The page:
to aim oneself or one's vehicle toward something. Jeff steered the car for the entrance to the tunnel and stepped on the gas. The driver steered the bus for the center lane just in time.
See also: steer

steer something toward someone or something

to guide something in the direction of someone or something. The farmer steered the tractor toward the sheriff, who had come to talk to the farmer. Please steer the car toward the right side.
See also: steer, toward

steer through something

to maneuver through something that is confusing or treacherous. Do you think you can steer through this flooded tunnel? I can't steer through this mess of leaves and mud on the road.
See also: steer, through

steer toward someone or something

to turn or drive toward someone or something. He steered toward the empty parking space, but someone got there before he did. steer toward the house with the red door.
See also: steer, toward

bum steer

False or misleading information; poor advice. For example, Gene felt his doctor had given him a bum steer, as he hadn't lost any weight on the diet . [Slang; c. 1920]
See also: bum, steer

steer clear of

Stay away from, avoid, as in Dad warned us to steer clear of Dr. Smith and his poor advice. This idiom alludes to guiding a vessel away from some obstacle. Its figurative use was first recorded in 1723.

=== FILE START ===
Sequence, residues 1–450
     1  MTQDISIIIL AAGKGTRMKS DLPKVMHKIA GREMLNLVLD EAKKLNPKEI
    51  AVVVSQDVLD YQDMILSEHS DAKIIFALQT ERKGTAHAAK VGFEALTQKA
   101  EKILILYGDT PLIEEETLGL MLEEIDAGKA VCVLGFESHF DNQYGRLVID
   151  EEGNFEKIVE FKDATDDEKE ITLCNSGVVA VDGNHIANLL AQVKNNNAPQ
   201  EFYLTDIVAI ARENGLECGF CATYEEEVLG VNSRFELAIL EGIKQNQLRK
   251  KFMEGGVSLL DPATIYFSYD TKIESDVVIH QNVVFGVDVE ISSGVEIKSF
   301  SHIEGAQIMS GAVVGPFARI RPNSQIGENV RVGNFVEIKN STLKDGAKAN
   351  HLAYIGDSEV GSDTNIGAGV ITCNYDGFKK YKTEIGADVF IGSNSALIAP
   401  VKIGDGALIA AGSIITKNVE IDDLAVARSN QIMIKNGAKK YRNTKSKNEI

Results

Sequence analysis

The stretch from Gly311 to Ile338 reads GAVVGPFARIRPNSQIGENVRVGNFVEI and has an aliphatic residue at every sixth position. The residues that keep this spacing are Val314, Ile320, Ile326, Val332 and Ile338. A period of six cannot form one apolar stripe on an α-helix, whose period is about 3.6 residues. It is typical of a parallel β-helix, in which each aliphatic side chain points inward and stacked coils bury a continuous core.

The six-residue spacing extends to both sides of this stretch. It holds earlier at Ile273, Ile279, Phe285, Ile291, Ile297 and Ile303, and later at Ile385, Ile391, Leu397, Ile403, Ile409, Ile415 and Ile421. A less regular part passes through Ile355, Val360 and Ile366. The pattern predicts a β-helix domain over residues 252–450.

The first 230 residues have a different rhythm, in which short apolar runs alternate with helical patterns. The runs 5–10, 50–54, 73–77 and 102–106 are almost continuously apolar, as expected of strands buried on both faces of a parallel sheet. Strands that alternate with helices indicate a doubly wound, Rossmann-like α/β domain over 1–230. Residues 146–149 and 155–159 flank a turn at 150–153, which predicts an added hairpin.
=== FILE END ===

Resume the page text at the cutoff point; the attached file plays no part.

See also: clear, of, steer

a bum steer

mainly AMERICAN, INFORMAL
If you describe information that you are given as a bum steer, you mean that it is incorrect. Did you give me a bum steer about your name and address? Note: This expression may refer to a worthless bullock, which is a young male cow. Alternatively, it may refer to someone being given directions which are not correct.
See also: bum, steer

steer clear of someone/something

COMMON If you steer clear of someone or something, you deliberately avoid them. I'd advise anyone with sensitive or dry skins to steer clear of soap. Steer clear of Paola unless you want to be stuck with her all evening.

bum steer

a piece of false information or guidance. informal, chiefly North American
In this context, bum means ‘bad, worthless’, and steer ‘advice’ or ‘guidance’ (it has no connection with young bulls).
See also: bum, steer

steer (or take) a middle course

adopt a policy which avoids extremes.
See also: course, middle, steer

steer clear of

take care to avoid or keep away from.
2002 ChartAttack Live Reviews If you're looking for Hollywood gloss and spectacle, steer clear of this film.
See also: clear, of, steer